The U.K. at large was less aware of Tate, with just 63% of British adults having heard of him. Of that group, only 6% held a positive view of him.
Tate has faced substantial backlash for his sexist rhetoric over the years. In the past, he said that men should have “authority” over their wives or girlfriends, and that women should “bear some responsibility” for being raped. He was previously banned from Twitter over his extremist views on women but has since been allowed back on the platform.
He is currently being investigated in Romania for organized crime and human trafficking. He was arrested and held in custody in December but was released to house arrest earlier this year. No formal charges have been filed against him yet and he has maintained his innocence.
Tate currently boasts a Twitter following of 6.7 million. It has grown significantly since he was enveloped in legal controversy, and many of his supporters have demanded his release.
See what others are saying: (The Independent) (Glamour U.K.)
Prince Harry and Meghan Markle Involved in “Near Catastrophic” Paparazzi Chase
“While being a public figure comes with a level of interest from the public, it should never come at the cost of anyone’s safety,” a spokesperson for the couple said.
“Aggressive” Paparazzi Chase Couple in New York
Prince Harry and Meghan Markle were involved in a “near catastrophic” paparazzi car chase Tuesday night in New York City, according to a spokesperson for the couple.
In a statement, the spokesperson described the photographers as “highly aggressive.”
“While being a public figure comes with a level of interest from the public, it should never come at the cost of anyone’s safety,” the statement added.
“This relentless pursuit, lasting over two hours, resulted in multiple near collisions involving other drivers on the road, pedestrians and two NYPD officers,” it continued.
Details of the incident are still emerging, but BBC News reported that there are claims the chase involved roughly six cars driving recklessly by running red lights, driving on the sidewalk, carrying out blocking moves, going backward on a one-way road, and taking pictures while driving.
The chase happened after Harry and Meghan were leaving the Women of Vision Awards with Meghan’s mother, Doria. They did not want photographers to learn where they were staying and attempted to avoid them in what turned into a 75-minute chase on a main road in Manhattan’s Upper East Side. They eventually ducked into a New York Police Department Precinct to hide out before getting into a different vehicle.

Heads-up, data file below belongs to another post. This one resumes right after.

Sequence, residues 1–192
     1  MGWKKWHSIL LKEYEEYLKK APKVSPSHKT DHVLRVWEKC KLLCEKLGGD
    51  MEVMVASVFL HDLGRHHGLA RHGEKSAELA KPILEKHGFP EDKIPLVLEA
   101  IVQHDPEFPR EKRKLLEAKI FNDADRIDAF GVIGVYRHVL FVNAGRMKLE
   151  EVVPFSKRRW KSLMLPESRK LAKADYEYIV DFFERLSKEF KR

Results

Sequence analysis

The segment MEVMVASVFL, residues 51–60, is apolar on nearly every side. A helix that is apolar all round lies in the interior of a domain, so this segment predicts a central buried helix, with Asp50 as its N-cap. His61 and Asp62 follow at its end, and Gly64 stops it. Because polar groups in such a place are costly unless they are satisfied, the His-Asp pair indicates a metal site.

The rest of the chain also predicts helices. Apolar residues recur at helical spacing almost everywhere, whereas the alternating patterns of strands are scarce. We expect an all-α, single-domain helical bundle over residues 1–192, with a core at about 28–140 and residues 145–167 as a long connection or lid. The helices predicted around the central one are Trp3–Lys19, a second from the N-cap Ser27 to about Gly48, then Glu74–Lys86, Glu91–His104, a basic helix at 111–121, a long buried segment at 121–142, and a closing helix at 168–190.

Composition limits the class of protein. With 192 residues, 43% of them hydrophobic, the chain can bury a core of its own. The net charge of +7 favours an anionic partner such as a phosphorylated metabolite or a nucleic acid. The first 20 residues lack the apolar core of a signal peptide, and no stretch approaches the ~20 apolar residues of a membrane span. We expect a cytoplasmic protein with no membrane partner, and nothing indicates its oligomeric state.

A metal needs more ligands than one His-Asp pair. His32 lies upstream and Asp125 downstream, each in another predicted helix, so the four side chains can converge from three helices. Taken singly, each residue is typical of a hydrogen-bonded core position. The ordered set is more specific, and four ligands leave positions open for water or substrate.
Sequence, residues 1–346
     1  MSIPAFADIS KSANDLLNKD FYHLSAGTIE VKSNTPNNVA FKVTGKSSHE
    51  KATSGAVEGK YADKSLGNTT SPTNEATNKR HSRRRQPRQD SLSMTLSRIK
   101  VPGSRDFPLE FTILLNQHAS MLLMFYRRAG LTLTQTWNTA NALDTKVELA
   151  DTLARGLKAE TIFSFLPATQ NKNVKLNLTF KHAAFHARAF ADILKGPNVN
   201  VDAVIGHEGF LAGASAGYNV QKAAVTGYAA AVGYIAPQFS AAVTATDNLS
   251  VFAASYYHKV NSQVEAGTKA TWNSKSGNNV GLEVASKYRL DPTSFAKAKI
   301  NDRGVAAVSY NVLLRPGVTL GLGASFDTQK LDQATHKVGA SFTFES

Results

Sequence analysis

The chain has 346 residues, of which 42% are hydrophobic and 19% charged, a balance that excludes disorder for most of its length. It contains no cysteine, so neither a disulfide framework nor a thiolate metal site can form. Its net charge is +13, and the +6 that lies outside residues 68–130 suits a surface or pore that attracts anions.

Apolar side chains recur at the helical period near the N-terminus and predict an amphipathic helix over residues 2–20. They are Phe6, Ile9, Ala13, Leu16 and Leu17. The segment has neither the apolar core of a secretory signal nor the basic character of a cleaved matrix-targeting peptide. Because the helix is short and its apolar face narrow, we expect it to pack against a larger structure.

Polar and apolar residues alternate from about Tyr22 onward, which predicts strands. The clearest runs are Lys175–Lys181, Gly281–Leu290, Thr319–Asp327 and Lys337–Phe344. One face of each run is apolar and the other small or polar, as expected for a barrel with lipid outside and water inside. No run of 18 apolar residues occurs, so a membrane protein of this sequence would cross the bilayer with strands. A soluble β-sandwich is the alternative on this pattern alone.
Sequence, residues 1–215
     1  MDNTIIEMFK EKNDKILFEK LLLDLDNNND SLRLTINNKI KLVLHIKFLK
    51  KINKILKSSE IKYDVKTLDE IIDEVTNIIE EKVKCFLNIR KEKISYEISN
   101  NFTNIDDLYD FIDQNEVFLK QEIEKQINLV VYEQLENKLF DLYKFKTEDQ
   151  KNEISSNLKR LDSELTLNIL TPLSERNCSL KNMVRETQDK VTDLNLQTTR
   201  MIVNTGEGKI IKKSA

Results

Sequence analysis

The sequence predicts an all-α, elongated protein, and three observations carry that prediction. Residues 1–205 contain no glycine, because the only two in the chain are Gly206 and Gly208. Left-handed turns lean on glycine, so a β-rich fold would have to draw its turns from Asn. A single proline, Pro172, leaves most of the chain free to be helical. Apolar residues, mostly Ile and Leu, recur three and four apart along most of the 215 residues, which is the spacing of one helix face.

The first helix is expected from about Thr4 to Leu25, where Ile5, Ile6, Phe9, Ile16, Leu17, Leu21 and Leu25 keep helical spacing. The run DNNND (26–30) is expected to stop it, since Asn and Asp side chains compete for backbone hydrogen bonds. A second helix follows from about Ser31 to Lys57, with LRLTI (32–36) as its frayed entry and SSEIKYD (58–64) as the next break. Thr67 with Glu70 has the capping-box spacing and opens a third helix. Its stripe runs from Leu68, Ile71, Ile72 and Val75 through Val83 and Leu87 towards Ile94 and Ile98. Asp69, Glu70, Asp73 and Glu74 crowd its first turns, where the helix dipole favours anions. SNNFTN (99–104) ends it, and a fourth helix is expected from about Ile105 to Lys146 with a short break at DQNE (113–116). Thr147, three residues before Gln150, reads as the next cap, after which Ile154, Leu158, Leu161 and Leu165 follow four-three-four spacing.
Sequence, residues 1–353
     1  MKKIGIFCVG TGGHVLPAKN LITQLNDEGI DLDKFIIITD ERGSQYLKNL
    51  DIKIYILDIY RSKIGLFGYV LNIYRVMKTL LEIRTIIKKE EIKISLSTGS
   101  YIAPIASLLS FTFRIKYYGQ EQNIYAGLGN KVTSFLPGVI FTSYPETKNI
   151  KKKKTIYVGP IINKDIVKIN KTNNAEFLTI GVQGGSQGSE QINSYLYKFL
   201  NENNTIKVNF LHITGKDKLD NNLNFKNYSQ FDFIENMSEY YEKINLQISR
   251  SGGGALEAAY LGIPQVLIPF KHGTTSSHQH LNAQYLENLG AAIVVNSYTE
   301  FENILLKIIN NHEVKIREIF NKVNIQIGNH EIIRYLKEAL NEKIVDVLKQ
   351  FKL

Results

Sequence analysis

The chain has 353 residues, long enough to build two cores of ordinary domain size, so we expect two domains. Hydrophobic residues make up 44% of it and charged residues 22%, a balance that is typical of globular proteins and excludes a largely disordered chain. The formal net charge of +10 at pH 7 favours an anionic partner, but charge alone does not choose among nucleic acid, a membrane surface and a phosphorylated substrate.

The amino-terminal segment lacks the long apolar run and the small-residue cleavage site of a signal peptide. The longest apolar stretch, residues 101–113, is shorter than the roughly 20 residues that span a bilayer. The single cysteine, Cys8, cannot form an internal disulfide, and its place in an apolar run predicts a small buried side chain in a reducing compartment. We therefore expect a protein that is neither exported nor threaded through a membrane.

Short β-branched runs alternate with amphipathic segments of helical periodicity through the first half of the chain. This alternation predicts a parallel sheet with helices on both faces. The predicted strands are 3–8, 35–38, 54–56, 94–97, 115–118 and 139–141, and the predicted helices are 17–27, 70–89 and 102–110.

The NYPD released a statement confirming that they assisted in protecting the couple as “numerous photographers” hindered their transport. Officials said they made it to their destination and there were no collisions, injuries, or arrests.
The couple’s spokesperson is asking the public to not share or post footage of the incident.
“Dissemination of these images, given the ways in which they were obtained, encourages a highly intrusive practice that is dangerous to all in involved,” the spokesperson said.
Memories of Princess Diana
The chase evokes the brutal press hounding Harry’s mother, Princess Diana, was subjected to throughout her life. The paparazzi’s obsession with her ultimately resulted in her death in 1997, when she was killed in a car crash after being chased by photographers in Paris.
Since marrying Meghan and later bowing out of the Royal Family, Harry has made it explicitly clear that he fears those events could happen again. Meghan has been the subject of endless tabloid scrutiny, enduring racism and harassment from the press. Part of the reason they left the Royal Family was to keep their family protected from such attacks.
Mayor Eric Adams brought up Diana’s tragic passing while speaking about Tuesday night’s chase.
“I don’t think there’s many of us who don’t recall how [Harry’s] mom died,” Adams said while speaking to reporters. “And it would be horrific to lose an innocent bystander during a chase like this and something to have happened to them as well…I think that was a bit reckless and irresponsible.”
Adams also questioned whether or not he believes a chase could go on for two hours in a city as congested as New York, but noted that even a 10-minute chase would be dangerous. He said he will be briefed on the exact timeline and details later.